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Wall Street stumbles on variable omicron and closes November with losses

This content was published on November 30, 2021 – 21:55

New York, November 30 (EFE). – Wall Street says goodbye to November with accumulated losses in its three major indices after recent panic sales linked to the omicron variant of the coronavirus, which turned into a normally quiet month in the stock market.

The Dow Jones Industrial Average cut 3.98%, the S&P 500 selectively reduced 1.01% and the Nasdaq Composite Index 0.37%, bad data that, after all, is no worse than the one released in September, the worst month of the year.

European squares haven’t raised their heads either, with an 8.3% drop in Madrid; 5.12% in Milan and about 3% in London and Paris among other countries.

November started with an all-time high, but investors were losing optimism when they watched the COVID-19 rallies in Europe, as some countries imposed restrictions, and eventually panicked after setting the Omicron variable.

After the Thanksgiving holiday in the US, Wall Street faced a “Black Friday” that leaves the worst trading day of the year, with more than 900 points cut in the Dow and a more than $10 drop in the price of oil.

The massive sales continued on Tuesday due to doubts about the efficacy of antiviral vaccines against omicron and comments by Federal Reserve Chairman Jerome Powell about a possible acceleration of the withdrawal of stimulus in light of rising inflation.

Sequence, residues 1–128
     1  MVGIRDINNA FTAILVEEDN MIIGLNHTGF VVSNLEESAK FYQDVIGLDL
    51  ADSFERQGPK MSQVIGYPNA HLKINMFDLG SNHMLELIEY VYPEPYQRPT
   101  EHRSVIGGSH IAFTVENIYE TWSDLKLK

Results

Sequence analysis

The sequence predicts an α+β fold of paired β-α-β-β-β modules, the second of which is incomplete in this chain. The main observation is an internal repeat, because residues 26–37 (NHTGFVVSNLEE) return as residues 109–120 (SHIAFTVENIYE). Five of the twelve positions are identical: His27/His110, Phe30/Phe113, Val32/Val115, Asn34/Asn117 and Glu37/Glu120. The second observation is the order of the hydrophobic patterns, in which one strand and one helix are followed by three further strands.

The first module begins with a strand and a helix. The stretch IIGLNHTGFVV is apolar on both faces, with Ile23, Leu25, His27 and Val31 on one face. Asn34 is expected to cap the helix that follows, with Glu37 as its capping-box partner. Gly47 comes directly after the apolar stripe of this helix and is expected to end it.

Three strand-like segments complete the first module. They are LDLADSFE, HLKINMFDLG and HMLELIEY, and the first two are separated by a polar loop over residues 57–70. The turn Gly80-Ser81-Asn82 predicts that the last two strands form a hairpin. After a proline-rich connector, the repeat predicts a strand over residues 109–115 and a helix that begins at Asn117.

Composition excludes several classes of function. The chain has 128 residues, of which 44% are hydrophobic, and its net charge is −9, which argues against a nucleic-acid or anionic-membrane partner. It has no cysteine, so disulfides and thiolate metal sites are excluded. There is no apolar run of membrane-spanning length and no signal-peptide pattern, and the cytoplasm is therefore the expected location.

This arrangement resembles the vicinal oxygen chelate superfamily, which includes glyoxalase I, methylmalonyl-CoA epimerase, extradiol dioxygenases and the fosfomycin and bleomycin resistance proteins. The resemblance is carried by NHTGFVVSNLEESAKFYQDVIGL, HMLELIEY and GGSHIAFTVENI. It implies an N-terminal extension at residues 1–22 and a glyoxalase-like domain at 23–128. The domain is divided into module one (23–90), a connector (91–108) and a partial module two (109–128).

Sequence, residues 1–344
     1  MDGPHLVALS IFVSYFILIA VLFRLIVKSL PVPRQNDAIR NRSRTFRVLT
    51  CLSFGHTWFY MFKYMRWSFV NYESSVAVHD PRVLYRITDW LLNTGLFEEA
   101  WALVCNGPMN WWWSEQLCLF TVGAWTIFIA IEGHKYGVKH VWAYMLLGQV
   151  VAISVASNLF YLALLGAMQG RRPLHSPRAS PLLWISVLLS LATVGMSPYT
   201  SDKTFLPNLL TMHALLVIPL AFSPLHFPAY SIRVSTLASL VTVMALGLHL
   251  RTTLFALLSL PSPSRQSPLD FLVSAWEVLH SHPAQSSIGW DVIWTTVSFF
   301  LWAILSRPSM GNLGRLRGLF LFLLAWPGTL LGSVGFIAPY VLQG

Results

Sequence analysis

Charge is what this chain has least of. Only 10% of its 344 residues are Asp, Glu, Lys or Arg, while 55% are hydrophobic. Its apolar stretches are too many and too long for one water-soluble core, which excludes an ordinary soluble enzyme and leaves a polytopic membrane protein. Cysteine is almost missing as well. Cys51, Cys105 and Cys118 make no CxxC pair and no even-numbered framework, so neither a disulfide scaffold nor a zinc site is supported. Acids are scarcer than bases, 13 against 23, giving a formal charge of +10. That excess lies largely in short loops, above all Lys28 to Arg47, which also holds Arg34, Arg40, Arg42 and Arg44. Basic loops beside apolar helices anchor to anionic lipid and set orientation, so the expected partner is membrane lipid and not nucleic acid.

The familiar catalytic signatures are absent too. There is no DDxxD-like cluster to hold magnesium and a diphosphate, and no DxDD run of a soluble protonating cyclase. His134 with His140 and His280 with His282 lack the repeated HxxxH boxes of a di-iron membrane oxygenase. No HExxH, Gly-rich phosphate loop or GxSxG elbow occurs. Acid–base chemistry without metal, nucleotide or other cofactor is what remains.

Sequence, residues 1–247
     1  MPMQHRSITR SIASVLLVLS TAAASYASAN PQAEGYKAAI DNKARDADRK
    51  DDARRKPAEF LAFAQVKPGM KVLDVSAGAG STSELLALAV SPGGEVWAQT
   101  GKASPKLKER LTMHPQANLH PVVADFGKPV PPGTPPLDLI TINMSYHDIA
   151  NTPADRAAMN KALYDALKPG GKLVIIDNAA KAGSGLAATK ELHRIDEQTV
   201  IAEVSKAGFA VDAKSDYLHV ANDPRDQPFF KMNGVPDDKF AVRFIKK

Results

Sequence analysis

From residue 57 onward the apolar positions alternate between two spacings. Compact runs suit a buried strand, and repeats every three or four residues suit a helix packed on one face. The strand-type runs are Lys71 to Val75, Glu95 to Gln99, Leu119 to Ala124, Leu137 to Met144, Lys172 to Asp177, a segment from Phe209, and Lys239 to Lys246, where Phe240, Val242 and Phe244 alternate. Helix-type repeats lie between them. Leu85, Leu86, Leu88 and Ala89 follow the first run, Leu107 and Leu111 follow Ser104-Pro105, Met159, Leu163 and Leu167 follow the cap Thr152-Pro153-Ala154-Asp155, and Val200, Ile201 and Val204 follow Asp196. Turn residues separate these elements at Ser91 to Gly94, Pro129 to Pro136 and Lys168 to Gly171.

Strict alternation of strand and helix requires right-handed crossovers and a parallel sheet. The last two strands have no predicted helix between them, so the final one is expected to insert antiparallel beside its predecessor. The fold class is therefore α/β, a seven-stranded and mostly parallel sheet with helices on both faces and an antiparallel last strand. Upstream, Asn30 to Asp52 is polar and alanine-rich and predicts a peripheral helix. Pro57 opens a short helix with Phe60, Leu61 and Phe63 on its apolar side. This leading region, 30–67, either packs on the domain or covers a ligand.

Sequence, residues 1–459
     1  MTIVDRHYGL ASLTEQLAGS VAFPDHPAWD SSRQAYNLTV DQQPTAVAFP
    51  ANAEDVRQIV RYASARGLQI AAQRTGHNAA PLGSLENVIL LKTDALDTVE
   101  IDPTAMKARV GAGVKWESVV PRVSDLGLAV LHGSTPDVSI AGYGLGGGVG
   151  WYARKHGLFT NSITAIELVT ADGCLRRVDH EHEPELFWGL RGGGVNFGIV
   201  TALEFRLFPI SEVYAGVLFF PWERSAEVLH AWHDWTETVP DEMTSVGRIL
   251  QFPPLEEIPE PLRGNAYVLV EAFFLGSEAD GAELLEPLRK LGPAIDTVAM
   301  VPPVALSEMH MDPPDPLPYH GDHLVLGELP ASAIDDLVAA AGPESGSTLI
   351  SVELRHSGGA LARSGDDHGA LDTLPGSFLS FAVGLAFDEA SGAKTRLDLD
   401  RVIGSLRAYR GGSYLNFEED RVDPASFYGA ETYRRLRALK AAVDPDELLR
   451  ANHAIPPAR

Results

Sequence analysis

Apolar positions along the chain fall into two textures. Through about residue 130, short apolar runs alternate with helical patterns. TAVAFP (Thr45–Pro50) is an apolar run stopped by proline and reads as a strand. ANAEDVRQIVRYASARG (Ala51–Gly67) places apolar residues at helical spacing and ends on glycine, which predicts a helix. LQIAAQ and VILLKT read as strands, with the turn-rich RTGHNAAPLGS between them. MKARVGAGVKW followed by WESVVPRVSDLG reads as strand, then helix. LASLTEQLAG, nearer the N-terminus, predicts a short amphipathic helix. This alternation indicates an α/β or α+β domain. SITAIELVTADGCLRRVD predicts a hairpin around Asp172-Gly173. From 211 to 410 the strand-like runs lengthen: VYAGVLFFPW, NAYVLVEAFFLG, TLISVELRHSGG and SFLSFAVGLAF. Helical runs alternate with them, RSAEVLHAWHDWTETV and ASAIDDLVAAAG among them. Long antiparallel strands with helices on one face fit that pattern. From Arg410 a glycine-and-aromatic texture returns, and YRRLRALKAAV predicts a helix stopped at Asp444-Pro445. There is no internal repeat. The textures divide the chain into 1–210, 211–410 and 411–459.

Inflation was another bearish factor this month that is usually mild for the market, as October’s reading showed an increase of 6.2% in the annual rate, the highest level in consumer prices since 1990, reinforcing doubts about its passage.

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“In the face of the holidays, prices have been the priority, as from gasoline to Turkey on the table, everything is costing more this year,” Wells Fargo analysts said in a note that also highlighted waning consumer confidence.

Despite the good results presented by major retailers in the last quarter and their positive sales forecast for the Christmas season, lower sales were seen in the US for the first time on Cyber ​​Monday (-1.4%), up to $10.7 billion.

The 10-year Treasury yield started the month at 1.55% and was below 1.45% today due to betting on safer securities after touching 1.67% before fear spreads to the new alternative.

Experts at Jefferies point out that there is an “ominous” flattening of the public debt yield curve — both short and long-term bond rates approaching — reminiscent of levels seen in March 2020.

As for the oil market, futures contracts for Texas barrels suffered a monthly decline of 20% amid concerns about how the demand for fuel will develop in the face of a new wave of the Corona virus, and after the United States decided to free crude oil from its strategic reserves to curb prices. .

Cryptocurrencies were not isolated from the earthquake: Bitcoin fell to $53,700 on “Black Friday” and rose slightly, but it is far from its peak of $67,000 at the beginning of the month. EFE

nqs / fjo / rrt

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